Do Candle Centerpieces Break Glass?

Updated February 21, 2017

Candles poured in glass containers or placed into glass dishes or trays for use as centrepieces must be properly maintained to avoid fires from breaking glass. The U.S. Consumer Product Safety Commission has collected many reports on candles in glass containers breaking and causing injuries. In 2004, the National Fire Protection Association estimated that candles were found in seven out of every 10 homes. Take proper precautions to avoid a candle-related fire caused by the breaking glass of a centrepiece.

Types of Candles

Candles such as pillars, votives, tarts and tapers are sold without containers and are intended to be placed onto or into a candle holder or other container for burning. Wax or gel wax is poured into containers made of ceramic, glass or metal and are considered poured container candles. Poured wax candles often come in glass jars, glass canning jars, ceramic or china containers, or thin glass containers. Centrepieces are often created using one or more candles in containers or placed on candlesticks. Decorators often place faux flowers and other decorative accents around the candles to embellish the centrepiece.

Heat-Related Glass Expansion

Poured container candles in glass containers are at risk for breaking when the heat from the burning flame and hot wax reaches extreme temperatures. The U.S. Department of Energy explains that when glass heats up, it expands, and the brittle nature of glass doesn't allow for very much expansion before the glass cracks or shatters. Candles burning on glass trays, plates or other items can cause the glass object to expand and break.

Direct heat from the candle flame may cause glass to break. The longer the wick, the more the flame is able to burn against the glass container holding the burning wax, so keep wick lengths to no longer than 1/4 inch. State Farm Insurance warns against placing candles in narrow-mouth glass containers, which can easily make contact with the candle's flame. Avoid burning a candle for longer than four consecutive hours to reduce the likelihood of glass overheating and breaking.

Glass Candle Centerpiece Hazards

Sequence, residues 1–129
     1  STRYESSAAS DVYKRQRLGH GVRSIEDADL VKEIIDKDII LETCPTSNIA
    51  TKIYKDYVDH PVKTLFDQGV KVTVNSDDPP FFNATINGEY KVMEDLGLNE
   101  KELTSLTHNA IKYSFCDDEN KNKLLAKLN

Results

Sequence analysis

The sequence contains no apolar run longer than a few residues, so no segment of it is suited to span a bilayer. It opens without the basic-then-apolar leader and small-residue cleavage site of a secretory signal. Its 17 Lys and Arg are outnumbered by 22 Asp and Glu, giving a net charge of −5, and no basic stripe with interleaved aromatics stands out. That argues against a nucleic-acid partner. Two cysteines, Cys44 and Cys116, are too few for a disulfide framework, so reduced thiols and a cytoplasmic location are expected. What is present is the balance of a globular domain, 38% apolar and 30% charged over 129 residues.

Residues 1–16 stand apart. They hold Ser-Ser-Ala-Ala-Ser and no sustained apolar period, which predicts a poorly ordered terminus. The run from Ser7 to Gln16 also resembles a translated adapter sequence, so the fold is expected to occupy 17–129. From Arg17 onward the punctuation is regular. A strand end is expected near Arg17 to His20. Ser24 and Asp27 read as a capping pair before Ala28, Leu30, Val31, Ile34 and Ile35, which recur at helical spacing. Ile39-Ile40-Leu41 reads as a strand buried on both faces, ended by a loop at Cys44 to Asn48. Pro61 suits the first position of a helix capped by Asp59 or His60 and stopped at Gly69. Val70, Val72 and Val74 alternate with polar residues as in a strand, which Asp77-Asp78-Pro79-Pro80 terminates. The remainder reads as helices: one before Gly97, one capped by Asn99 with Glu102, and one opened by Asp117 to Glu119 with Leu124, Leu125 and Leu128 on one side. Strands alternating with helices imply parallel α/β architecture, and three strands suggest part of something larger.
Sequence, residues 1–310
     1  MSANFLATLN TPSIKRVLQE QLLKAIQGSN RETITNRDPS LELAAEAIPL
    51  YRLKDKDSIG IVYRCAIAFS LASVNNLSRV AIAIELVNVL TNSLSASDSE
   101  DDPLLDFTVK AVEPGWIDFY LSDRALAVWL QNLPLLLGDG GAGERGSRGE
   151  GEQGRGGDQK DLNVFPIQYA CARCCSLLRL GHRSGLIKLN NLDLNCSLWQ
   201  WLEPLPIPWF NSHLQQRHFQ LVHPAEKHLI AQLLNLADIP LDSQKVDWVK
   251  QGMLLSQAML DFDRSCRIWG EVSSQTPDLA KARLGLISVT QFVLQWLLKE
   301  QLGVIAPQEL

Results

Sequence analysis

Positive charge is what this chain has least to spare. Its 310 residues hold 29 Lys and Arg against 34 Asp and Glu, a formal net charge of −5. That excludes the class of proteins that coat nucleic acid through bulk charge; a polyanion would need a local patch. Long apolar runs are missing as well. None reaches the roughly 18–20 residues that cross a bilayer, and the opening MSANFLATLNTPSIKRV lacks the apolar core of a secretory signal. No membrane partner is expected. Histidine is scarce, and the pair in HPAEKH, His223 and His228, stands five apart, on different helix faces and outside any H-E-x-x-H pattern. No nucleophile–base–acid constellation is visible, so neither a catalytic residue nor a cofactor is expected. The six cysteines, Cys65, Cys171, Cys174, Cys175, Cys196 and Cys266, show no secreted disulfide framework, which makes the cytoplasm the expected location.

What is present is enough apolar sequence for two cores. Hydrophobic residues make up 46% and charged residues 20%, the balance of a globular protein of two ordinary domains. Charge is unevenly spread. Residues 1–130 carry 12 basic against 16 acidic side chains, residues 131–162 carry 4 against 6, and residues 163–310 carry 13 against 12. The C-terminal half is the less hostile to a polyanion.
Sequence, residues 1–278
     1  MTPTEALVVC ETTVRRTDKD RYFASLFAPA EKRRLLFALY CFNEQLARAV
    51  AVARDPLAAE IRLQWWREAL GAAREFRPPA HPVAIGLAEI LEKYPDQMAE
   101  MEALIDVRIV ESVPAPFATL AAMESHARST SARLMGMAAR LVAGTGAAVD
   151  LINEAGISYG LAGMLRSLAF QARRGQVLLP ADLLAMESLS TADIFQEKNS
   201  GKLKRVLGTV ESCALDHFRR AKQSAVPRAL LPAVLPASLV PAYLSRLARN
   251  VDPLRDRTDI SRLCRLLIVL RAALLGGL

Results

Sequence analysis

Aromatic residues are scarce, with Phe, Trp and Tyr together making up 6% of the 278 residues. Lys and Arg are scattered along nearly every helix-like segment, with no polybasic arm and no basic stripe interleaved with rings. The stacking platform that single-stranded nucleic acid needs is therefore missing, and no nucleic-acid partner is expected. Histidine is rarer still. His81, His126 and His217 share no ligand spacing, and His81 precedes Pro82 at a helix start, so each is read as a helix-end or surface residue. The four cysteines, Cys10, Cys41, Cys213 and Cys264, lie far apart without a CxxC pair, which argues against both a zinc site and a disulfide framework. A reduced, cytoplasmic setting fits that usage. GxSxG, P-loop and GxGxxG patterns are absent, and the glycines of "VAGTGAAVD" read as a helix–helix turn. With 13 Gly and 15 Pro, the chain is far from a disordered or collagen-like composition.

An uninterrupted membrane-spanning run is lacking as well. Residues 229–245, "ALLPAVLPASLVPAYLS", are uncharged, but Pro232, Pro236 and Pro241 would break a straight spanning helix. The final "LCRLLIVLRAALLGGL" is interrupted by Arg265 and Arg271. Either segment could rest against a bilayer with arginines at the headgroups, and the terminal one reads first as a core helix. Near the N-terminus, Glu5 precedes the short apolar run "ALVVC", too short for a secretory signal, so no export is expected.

Centrepieces with faux foliage or flowers or other decorative elements around candles are at a higher risk for fire if the candle's glass container breaks. These embellishments can catch fire quickly. NuScents Candle Supplies recommends placing multiple candles at least 3 inches away from each other to reduce heat build-up between the candles.

Never place candles in or on top of cracked or chipped glass items. Heat can cause further expansion of these blemishes and cause the item to crack or shatter. Do not burn poured glass container candles if there are any cracks or chips in the glass.

Avoid breaking glass and fire hazards by following the extinguishing standards established by the National Fire Protection Association: Extinguish a pillar and taper candle when the candle is 2 inches taller than the container holding it, and extinguish a poured candle when the wax at the container bottom is 1/2 inch deep.

Proper Maintenance of Glass Candle Centerpieces

Be careful what you select to embellish your centrepieces. Paper flowers, doilies and ribbon are at extreme risk for burning. State Farm Insurance recommends placing candles at least a foot in every direction away from flammable objects. If you see the candle flame burning too close to the glass, or burning irregularly due to air circulation from vents or windows, extinguish the candle. Use trays or candle holders manufactured for the purpose of burning candles instead of glassware such as dinner plates or serving trays. Make sure the surface beneath the centrepiece, candle and holder is level. Place a heat-resistant material beneath the centrepiece to protect the table or counter.

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About the Author

Louise Harding holds a B.A. in English language arts and is a licensed teacher. Harding is a professional fiction writer. She is mother to four children, two adopted internationally, and has had small businesses involving sewing and crafting for children and the home. Harding's frugal domestic skills help readers save money around the home.